United States J. S. Bach, Mass in B minor: Julia Metzler (soprano), Reginald Mobley (countertenor), Nicholas Phan (tenor), Steve Pence (bass), Los Angeles Master Chorale, Musica Angelica Baroque Orchestra / Grant Gershon (conductor). Walt Disney Concert Hall, Los Angeles, 25.6.2022. (DD)
What separates the music of J. S. Bach from other late Baroque composers? Bach was born into a large family of composers that would eventually consist of more than 70 artists, and was one of the Bachs who would serve as court musician for several German cites in ways both intimate and broad. He mastered the Baroque style early in his career and spent the next 50 years of his life investigating, experimenting, enriching and eventually mastering it in ways that were definitively his, and only his.
The other musical aspect that never ceases to amaze Bach enthusiasts is the enormity of his repertory: educational children’s works, an array of keyboard pieces, 200 church cantatas, sets of overtures and much, much more. This includes the strong possibility of a loss of up to half of his compositional output.
There are many fine books about Bach and his output that range from intelligent children’s biographies to detailed, finely tuned harmonic analyses. The range is large in both breadth and richness, and this has surely added understanding, in both style and pleasure, to the music lover’s comprehension. Not unsurprisingly, the more Bach’s music is heard and understood in musical terms, the better it is.
Bach’s Mass in B minor was long in coming, and it is often said to be one of the great singular compilations of the ecclesiastical music that ruled this historical period. Bach himself was happy to add his own concepts to the existing manner of music via both time and style. He would find aspects within the music that could be used to promote different compositional mannerisms and approaches, and would eventually revise and refine these musical styles and their unique characteristics. Conductor Grant Gerson’s directing approach was clear, intelligent and always apt, and he added much to a listener’s understanding of the Baroque style in his pre-concert discussion.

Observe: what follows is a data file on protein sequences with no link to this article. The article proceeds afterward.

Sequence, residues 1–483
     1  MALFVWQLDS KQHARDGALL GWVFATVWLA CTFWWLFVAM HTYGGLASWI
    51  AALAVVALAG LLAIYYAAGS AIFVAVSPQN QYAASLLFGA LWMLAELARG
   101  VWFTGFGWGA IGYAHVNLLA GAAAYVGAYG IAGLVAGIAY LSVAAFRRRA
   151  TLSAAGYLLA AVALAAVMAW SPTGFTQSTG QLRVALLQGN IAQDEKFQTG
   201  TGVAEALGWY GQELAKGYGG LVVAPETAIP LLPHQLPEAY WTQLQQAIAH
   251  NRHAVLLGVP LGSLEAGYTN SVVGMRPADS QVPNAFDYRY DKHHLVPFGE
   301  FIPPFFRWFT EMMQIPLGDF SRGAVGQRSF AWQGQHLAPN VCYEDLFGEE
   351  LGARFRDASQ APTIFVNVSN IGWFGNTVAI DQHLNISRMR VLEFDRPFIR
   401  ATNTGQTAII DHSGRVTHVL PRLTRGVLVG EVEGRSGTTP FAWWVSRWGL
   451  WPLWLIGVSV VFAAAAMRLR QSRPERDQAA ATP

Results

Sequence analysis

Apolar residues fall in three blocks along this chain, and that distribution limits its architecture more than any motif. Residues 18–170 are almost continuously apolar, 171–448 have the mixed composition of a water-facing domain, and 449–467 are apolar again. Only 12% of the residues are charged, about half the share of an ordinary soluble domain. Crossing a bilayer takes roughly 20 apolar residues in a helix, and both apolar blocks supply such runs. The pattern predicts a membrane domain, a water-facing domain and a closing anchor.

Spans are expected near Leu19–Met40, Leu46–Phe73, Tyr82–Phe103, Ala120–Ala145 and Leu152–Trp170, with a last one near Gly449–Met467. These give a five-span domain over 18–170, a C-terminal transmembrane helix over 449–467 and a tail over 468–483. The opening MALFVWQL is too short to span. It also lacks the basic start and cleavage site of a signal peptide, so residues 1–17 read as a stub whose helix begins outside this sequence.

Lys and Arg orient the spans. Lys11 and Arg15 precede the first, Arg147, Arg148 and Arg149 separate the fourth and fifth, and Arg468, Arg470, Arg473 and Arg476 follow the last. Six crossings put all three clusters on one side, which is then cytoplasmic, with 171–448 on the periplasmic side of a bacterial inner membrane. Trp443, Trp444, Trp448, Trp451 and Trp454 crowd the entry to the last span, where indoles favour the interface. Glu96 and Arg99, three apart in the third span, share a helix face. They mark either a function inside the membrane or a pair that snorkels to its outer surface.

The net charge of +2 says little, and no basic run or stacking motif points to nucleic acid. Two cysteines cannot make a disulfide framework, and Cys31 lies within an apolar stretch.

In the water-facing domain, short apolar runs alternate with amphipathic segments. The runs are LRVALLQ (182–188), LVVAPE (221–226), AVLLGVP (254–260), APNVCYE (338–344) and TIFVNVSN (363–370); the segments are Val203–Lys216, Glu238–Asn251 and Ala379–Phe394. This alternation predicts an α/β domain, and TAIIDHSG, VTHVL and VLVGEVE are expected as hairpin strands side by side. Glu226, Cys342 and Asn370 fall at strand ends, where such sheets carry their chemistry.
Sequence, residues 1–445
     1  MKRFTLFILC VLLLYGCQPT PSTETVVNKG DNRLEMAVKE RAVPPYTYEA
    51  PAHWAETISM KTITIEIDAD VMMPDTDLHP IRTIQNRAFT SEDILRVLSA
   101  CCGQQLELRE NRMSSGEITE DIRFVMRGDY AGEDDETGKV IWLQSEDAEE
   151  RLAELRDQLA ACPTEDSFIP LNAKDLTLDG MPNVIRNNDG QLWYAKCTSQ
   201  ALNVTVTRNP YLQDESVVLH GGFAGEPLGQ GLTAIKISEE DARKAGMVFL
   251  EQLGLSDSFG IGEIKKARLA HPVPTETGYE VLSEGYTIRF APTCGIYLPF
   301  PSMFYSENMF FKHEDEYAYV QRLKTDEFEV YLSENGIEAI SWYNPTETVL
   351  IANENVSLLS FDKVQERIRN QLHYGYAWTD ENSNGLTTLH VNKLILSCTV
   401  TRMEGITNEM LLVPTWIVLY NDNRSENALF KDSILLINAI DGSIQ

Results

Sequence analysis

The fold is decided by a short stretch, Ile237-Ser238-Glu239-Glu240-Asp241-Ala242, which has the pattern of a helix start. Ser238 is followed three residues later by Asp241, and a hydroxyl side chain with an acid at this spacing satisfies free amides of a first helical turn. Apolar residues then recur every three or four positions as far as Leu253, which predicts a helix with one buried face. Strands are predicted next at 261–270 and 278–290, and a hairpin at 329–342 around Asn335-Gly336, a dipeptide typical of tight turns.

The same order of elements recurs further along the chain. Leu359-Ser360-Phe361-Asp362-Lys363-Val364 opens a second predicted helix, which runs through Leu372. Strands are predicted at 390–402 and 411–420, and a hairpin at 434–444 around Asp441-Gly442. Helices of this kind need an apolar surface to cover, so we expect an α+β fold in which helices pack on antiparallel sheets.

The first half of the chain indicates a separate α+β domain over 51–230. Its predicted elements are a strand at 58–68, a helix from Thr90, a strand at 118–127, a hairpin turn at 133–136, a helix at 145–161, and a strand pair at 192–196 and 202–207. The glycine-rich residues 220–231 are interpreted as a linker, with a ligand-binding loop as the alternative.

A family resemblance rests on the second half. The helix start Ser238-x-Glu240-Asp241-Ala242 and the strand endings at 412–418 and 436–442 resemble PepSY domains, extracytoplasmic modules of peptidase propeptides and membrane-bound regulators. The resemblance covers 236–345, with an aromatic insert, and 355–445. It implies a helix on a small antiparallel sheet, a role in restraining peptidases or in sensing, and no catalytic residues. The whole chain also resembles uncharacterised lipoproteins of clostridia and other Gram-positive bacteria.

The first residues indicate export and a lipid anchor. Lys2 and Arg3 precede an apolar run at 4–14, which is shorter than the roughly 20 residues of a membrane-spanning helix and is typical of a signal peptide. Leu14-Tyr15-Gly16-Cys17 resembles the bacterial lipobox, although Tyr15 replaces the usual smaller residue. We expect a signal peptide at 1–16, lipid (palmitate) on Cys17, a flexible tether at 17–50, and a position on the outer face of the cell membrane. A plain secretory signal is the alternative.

The Mass in B minor begins with the ‘Kyrie’, a massive choral statement that continually creeps and expands in an outward and upward direction until it reaches a high point and then retires downward. When the choral statement ends, we’ve come not to a final harmony but rather a single dominant chord that acts to open the sonorous tonic doors of this masterpiece. Conductor Gershon claimed to have spent two weeks ‘just studying the first four bars’: as a musical declaration, it is surely without peer. The ear is opened to the sublimely organized harmony, one that sets out the basis for what is to follow in this three-hour masterpiece. The clean, powerful and straightforward structure of the opening is unique to Bach, and aspects of it can be found in virtually everything he composed.
There were occasional errors by singers and instrumentalists, and whatever did occur in terms of balance and ensemble seemed not to have any particularly negative effect on the audience. Actually, I might submit that the occasional miscue adds a bit of humanity to the performance. Period instruments at Disney Hall can pose an acoustics problem, and Musica Angelica and the Master Chorale had to work hard to maintain a true balance while not overpowering one another. Much more distressing was the visible number of empty seats that peppered the concert hall.
While I would like to praise all the instrumentalists, there were a few who stood out. Cellist Eva Lymenstuff’s rich solo passages threaded the Hall tightly and quietly together. Lars Johannesson’s rich, fulsome flute solos were perfectly tempered and, I am thrilled to say, spoke both directly and intimately to me.
I could not leave this review without citing the wonderful vocalist Julia Metzler, whose solos were moving but whose duets with Nicholas Phan (‘Domine Deus’) and Reginald Mobley (‘Et in unum Dominum’) were marvelous. And speaking of Reginald Mobley, his ‘Agnus Dei’ that leads to the closing ‘Dona nobis pacem’ was sung with grace and dignity. Bass Steve Pence performed two solo arias – ‘Quoniam tu solus sanctus’ and ‘Et in Spiritum Sanctum’ – which were beautifully rendered while not overwrought.
As always, the Master Chorale sang to perfection, though at times I felt that they were holding back. The balance of a small orchestra with the large choral ensemble immediately behind them may have had something to do with it, and is perfectly understandable.
As a final note to my fellow Bach lovers: in preparing myself for the concert, I again read through James R. Gaines’ finely detailed book on the life and work of Bach, Evening in the Palace of Reason: Bach Meets Frederick the Great in the Age of Enlightenment. About midway, Gaines writes that we auditors would be best served to put down his book, get out the score and read the words and music together. It was surely a recommendation that I did not anticipate, but with which I subsequently heartily concurred.